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US regulators probing 5 tech companies’ acquisitions to 2010

WASHINGTON (AP) — Federal regulators are ramping up their investigation of the market dominance of giant tech companies. The Federal Trade Commission is demanding detailed information from Facebook, Amazon, Apple, Microsoft and Google’s parent Alphabet Inc., on acquisitions of smaller companies back to 2010. The head of the agency says that as a result of the review, the government might require tech giants to unwind earlier acquisitions. The FTC and the Justice Department have been investigating the conduct of big tech companies and whether they aggressively bought smaller potential rivals to suppress competition and hurt consumers. Some critics have pointed to Facebook’s acquisition of Instagram and WhatsApp, for example, as deals that should be questioned.

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Samsung’s new foldable phone: Cheaper, but still a novelty

SAN FRANCISCO (AP) — Samsung on Tuesday unveiled a new foldable phone, the Galaxy Z Flip. It is the company’s second attempt to sell consumers on phones with bending screens and clamshell designs. The company unveiled the phone at the start of a product announcement event in San Francisco. The new phone can unfold from a small square upward into a traditional smartphone. The foldable phones represent manufacturers’ attempt to energize a market where sales have slowed, although they are likely to appeal for now mostly to tech enthusiasts. Samsung is also updating refreshing its flagship phones with better cameras.

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Virus fears play out ahead of shrinking global tech event

LONDON (AP) — The impact on travel and commerce from the viral outbreak in China is playing out ahead of one of the world’s biggest technology fairs. Facebook, U.S. tech giants Cisco Systems and Intel, the U.S. wireless companies AT&T and Sprint and the Chinese smartphone maker Vivo said Tuesday that they have pulled out of the Mobile World Congress. It’s to take place Feb. 24-27 in Barcelona, Spain. Already, Ericsson, Amazon, Sony and LG have scrapped plans. It was expected to attract more than 100,000 visitors, including 5,000 to 6,000 from China, the source of the viral outbreak.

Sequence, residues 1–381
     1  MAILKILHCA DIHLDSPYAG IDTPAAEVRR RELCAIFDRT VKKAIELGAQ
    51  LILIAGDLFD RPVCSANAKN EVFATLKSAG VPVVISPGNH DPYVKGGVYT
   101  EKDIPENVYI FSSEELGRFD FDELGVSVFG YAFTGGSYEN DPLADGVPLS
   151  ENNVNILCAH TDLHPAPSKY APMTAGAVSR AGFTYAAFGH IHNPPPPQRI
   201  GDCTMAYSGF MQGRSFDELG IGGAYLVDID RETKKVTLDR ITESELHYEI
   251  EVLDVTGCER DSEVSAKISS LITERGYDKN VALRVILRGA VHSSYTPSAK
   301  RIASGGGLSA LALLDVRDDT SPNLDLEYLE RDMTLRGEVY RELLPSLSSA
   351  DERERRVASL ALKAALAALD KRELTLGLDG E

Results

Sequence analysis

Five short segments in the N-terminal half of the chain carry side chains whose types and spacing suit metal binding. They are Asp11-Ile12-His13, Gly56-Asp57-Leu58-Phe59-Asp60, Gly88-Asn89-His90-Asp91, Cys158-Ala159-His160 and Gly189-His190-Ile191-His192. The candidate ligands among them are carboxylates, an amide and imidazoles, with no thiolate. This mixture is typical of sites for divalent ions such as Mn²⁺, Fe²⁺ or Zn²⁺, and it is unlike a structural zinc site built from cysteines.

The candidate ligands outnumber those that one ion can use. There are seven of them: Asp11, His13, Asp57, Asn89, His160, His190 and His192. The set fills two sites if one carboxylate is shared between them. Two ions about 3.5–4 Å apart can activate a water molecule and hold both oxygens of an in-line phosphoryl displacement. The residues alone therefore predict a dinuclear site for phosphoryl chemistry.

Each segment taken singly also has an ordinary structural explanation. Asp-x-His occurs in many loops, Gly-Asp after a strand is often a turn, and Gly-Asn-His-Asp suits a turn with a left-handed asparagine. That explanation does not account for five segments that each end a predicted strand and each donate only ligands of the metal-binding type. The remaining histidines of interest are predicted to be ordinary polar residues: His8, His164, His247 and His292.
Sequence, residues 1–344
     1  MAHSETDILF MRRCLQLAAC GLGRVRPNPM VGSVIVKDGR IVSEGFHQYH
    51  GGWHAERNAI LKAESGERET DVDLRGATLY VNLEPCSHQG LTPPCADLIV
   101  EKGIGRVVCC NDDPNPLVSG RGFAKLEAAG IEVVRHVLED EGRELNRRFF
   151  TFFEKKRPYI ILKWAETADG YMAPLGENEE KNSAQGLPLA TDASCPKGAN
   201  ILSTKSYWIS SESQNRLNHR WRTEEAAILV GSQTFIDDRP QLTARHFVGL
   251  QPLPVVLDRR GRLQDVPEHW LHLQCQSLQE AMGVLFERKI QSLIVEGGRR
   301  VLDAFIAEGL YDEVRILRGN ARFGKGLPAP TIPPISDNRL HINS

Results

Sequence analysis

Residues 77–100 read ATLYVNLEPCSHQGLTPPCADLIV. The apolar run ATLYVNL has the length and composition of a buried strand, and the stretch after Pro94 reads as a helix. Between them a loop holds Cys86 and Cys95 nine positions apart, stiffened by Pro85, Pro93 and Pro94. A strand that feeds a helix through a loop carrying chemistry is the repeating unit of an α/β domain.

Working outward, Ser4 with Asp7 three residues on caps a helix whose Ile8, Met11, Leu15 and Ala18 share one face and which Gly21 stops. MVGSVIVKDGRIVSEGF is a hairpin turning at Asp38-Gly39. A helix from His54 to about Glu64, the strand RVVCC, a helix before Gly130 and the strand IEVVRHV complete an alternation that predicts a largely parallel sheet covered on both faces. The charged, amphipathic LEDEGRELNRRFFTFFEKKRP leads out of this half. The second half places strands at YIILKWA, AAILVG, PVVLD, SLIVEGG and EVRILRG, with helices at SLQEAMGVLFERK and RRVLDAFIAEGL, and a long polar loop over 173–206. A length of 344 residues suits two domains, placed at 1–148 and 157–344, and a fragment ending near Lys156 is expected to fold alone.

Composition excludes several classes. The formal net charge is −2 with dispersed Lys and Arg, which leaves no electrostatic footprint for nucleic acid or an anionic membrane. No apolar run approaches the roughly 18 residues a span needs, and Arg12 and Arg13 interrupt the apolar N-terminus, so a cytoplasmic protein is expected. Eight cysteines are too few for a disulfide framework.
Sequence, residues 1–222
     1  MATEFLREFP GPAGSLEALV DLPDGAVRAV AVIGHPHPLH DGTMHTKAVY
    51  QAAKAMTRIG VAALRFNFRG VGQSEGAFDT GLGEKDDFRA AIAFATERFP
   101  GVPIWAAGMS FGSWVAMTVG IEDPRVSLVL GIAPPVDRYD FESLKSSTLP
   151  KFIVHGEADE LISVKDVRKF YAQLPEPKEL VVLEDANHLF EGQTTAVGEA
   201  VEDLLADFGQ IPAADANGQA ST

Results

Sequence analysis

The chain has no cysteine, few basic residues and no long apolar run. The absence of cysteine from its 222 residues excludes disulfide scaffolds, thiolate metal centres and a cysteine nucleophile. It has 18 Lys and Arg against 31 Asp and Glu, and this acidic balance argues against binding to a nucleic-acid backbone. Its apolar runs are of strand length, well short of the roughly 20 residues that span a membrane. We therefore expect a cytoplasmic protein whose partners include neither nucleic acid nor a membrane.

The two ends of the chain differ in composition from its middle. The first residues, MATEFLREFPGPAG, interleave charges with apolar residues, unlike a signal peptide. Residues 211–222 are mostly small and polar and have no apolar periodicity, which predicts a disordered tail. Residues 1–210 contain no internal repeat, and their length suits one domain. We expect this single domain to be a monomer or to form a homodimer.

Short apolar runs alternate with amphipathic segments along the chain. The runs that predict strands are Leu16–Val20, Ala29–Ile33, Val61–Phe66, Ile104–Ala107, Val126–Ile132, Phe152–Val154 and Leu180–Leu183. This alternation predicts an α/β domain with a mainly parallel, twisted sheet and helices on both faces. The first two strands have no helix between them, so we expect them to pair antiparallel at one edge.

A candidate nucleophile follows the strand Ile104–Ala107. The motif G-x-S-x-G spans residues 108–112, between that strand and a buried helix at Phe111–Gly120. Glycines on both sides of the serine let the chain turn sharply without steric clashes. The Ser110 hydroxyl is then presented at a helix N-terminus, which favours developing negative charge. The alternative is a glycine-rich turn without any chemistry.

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NEW YORK (AP) — Major U.S. stock indexes closed mostly higher Tuesday, led by health care companies, retailers and banks. The modest gains nudged the S&P 500 and Nasdaq to all-time highs for the second straight day. The Dow Jones Industrial Average finished essentially flat.

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The S&P 500 index rose 5.66 points, or 0.2%, to 3,357.75. The Dow Jones Industrial Average slipped 0.48 points, or less than 0.1%, to 29,276.34. The Nasdaq composite gained 10.55 points, or 0.1%, to 9,638.94. The Russell 2000 index of smaller company stocks picked up 9.85 points, or 0.6%, to 1,677.51.